Dementia-Friendly Canada

Education and tools for the general public and professionals working in specific sectors to apply dementia-friendly principles in their work and communities.

Who could benefit from reading this?

  • Professionals in sectors including recreation, library, retail, restaurant, and public transportation, who want to enhance their knowledge and confidence in supporting individuals living with dementia.
  • Individuals and organizations interested in using the lessons learned and resources created by this project to create or support dementia-friendly communities and workplaces, fostering inclusivity and accessibility.

Review the Before you begin section for foundational knowledge that will be helpful for any dementia community initiative.

Key information

Who is this project for? The general public and professionals working in the recreation, retail, restaurant and public transportation

Project Lead: Alzheimer Society of Canada

Project partners: Alzheimer Societies of British Columbia, Saskatchewan, Manitoba, Nova Scotia and Ontario

Project status: complete, 2019-2023, with phase 2 underway (2023-2025)

Get in touch:

Dementia-Friendly Canada, Alzheimer Society of Canada

Project story


A dementia-friendly community is one where people living with dementia and their families, friends and care partners are included and supported. Building upon existing work across the country, the Dementia-Friendly Canada project created tools, education, and programming to support the development of dementia-friendly communities throughout Canada. This work was informed by consultations with people living with dementia, care partners and targeted professional groups (people working in recreation and library, restaurant and retail, and public transportation sectors). These consultations identified the characteristics that define dementia-friendly communities and the education topics, tools and resources needed to foster their creation. The resulting products and education include public service announcement videos (PSAs), online education modules, webinars, guidelines and tip sheets.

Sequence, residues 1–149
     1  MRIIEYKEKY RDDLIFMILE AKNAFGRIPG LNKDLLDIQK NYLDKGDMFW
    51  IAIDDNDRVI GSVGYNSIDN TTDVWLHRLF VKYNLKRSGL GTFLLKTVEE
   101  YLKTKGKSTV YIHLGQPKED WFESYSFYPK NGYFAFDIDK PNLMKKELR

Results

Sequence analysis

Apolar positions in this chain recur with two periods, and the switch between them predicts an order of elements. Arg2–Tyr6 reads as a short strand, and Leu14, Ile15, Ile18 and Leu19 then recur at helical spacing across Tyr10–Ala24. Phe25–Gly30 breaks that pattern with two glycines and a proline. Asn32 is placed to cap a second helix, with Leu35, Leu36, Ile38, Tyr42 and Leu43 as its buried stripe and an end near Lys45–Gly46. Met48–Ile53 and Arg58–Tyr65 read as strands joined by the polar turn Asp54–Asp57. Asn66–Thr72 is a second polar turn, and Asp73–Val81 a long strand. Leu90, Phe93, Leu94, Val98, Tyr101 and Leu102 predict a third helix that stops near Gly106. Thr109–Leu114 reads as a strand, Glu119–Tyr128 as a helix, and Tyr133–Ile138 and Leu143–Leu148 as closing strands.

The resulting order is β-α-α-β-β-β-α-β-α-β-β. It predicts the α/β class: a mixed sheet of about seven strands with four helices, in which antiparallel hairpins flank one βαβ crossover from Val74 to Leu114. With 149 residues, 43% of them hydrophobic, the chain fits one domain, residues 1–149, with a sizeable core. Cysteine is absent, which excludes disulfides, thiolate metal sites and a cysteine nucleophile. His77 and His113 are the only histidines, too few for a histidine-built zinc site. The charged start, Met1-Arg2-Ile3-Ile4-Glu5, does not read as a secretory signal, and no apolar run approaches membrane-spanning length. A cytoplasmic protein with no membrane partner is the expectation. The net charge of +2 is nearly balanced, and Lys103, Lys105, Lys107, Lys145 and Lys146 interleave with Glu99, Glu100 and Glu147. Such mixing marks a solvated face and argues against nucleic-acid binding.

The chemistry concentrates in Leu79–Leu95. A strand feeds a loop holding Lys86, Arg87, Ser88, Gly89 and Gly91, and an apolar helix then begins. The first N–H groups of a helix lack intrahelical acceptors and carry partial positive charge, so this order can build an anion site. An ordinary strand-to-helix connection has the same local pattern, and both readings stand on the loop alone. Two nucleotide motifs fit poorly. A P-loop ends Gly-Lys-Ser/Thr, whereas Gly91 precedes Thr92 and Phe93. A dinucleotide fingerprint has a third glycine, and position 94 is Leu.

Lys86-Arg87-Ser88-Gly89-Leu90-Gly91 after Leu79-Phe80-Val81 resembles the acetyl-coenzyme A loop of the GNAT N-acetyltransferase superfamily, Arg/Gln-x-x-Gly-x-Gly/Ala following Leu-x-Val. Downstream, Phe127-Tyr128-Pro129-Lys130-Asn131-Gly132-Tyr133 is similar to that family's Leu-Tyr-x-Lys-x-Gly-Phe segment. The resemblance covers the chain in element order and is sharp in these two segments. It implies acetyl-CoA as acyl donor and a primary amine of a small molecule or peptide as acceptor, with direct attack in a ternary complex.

Three main goals guided the Dementia-Friendly Canada project:

  • To train Canada’s workforce to be dementia friendly
  • To promote education and awareness of dementia among the general public
  • Promote the sustainability and nationwide growth of the Dementia-Friendly Canada initiative

Milestones and achievements:


Project findings:

Sector professionals who completed the Building Dementia-Friendly Communities course were satisfied with the educational resources, finding them helpful in boosting their knowledge and confidence in supporting those affected by dementia.

  • Increased self-reported knowledge/skills related to dementia
  • Increased confidence in interacting with people living with dementia
  • Felt that their own actions could increase their organization’s ability to be dementia-friendly

Want to know more? Download this supplementary resource outlining the data collection methods, the evaluation evidence and the tools used. This report from the Alzheimer Society of Canada and their Federation Partners includes additional in-depth information.



  • “As soon as the course was completed, I went into the lobby area of our library and removed additional furnishings and re-organized the space for a better flow. I looked for “visual noise” in the space and removed some unnecessary signage.” – Sector professional
  • “It’s a well-designed, thoughtful course that outlines the different areas service providers can focus on. It empowers people in all levels of an organization to have conversations and destigmatize what living with dementia or caring for someone living with dementia means. We all have a role we can play and the barriers that we can chip away can help so many others and hopefully develop thriving and connected communities.” – Sector professional
  • “I think most people are willing to be helpful. Often, we/they just don’t think of things we can do. The course provides ideas to recognize and help situations.” – Person living with dementia


Lessons learned:

  • The involvement of people living with dementia and care partners throughout a project is invaluable. Support this engagement by creating a plan at the outset of a project for the continuous and comprehensive engagement of people with lived experience, allowing adequate time for meaningful engagement to occur.
  • Translation of materials into other languages should include both a certified translator and team members or partners fluent in the language to verify translations for cultural accuracy and alignment with the organization's communication style.

This project was funded by the Public Health Agency of Canada under the Dementia Community Investment (DCI).

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